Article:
NEW YORK (Reuters) — Sunday’s Super Bowl victory by the New England Patriots drew 98.2 million viewers on CBS Corp’s U.S. television network, a 5 percent drop from last year’s game, according to preliminary Nielsen ratings data released on Monday.
The humdrum 13-3 win over the Los Angeles Rams, the lowest-scoring Super Bowl ever, marked the second year in a row of ratings declines and the lowest viewership since 2009, following last year’s 7 percent drop to 103.4 million viewers who watched the Philadelphia Eagles win their first Super Bowl.
“It suffered from not being a very good game,” Patrice Cucinello, a director at Fitch Ratings credit agency, said of the game that featured just one touchdown. “A 13 to 3 defeat with the Rams barely putting up a show didn’t really help the numbers.”
However the number of people who streamed the game on a computer or mobile device was up 20 percent, to 7.5 million, bringing total viewership on all platforms to 100.7 million, CBS said.
A number of factors likely hurt television ratings this year.
“The decline can probably be explained by the fact that this was a fairly unappealing matchup, then also a boring game,” said Victor Matheson, a sports economics professor at College of the Holy Cross in Massachusetts.
There is also Patriots fatigue.
“Everyone outside of New England is tired of seeing Brady and Belichick in the Super Bowl,” Matheson said of Patriots quarterback Tom Brady and coach Bill Belichick, who together have reached nine Super Bowls since 2002.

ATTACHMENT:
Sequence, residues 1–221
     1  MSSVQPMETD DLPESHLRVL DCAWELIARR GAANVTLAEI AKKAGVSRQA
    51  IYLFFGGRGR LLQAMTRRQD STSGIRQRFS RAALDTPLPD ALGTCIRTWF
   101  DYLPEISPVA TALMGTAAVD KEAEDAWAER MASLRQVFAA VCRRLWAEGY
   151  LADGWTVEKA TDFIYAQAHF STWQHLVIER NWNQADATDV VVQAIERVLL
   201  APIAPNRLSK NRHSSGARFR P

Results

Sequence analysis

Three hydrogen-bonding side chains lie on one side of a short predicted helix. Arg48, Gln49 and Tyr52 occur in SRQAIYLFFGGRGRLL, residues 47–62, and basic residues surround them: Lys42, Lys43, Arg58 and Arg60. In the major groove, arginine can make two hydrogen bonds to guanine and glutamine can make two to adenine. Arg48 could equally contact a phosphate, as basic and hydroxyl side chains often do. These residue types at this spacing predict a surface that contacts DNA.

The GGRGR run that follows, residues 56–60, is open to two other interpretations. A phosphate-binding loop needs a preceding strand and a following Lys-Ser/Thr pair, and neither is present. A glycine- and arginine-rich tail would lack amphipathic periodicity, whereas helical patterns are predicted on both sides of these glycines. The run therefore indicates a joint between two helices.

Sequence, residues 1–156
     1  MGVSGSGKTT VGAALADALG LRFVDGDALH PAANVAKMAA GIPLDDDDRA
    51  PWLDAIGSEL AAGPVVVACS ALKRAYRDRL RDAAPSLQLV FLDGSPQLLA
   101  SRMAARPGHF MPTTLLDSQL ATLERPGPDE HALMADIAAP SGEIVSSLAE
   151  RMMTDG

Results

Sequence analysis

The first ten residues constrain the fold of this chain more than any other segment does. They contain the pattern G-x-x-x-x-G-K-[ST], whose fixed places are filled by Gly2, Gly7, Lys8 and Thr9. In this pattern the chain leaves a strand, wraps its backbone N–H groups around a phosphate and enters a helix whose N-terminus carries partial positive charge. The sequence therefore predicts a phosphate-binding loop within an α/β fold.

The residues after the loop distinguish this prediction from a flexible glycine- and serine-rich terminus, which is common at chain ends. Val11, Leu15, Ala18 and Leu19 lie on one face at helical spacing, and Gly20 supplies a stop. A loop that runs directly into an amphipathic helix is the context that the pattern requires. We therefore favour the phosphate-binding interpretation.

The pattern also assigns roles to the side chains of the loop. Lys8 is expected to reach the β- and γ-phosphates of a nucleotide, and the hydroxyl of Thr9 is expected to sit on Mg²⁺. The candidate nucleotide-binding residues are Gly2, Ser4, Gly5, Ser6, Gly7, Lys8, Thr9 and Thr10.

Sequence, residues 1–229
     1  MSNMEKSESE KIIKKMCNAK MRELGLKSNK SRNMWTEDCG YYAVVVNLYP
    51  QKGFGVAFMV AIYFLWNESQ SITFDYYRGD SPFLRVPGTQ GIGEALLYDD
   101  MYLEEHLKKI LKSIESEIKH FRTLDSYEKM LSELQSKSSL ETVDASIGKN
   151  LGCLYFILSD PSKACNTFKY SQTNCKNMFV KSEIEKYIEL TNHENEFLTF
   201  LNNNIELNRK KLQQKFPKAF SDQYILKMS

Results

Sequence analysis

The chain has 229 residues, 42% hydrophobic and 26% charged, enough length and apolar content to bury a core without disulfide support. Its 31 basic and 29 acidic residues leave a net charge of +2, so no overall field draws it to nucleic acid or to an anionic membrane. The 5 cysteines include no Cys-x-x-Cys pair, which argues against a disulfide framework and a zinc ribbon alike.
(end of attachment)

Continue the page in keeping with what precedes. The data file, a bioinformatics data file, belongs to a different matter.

The Rams, too, are “just not a very popular team yet,” said Bob Dorfman, a sports marketing analyst at Baker Street Advertising in San Francisco. And “nobody was terribly excited about the halftime show.”
Despite the second year of declining Super Bowl numbers, average viewership rose 5 percent during this year’s regular NFL season. It also remains by far the single most watched American event of the year, making it a gold mine for advertisers.
The game was watched in an average 49.3 million homes, and 67 percent of U.S. homes with televisions in use were tuned to the telecast.
Ad spots averaged $5.2 million for a 30-second slot this year.
“They are still able to command higher and higher amounts of money for their advertising, because sports are one of the last things we watch live, which makes it much harder for people to avoid the commercials,” Matheson said.
CBS is estimated to have generated $382 million in advertising revenue, the third-largest amount in the game’s 53-year history, according to research firm Kantar Media.
Reporting by Hilary Russ; editing by Bill Berkrot
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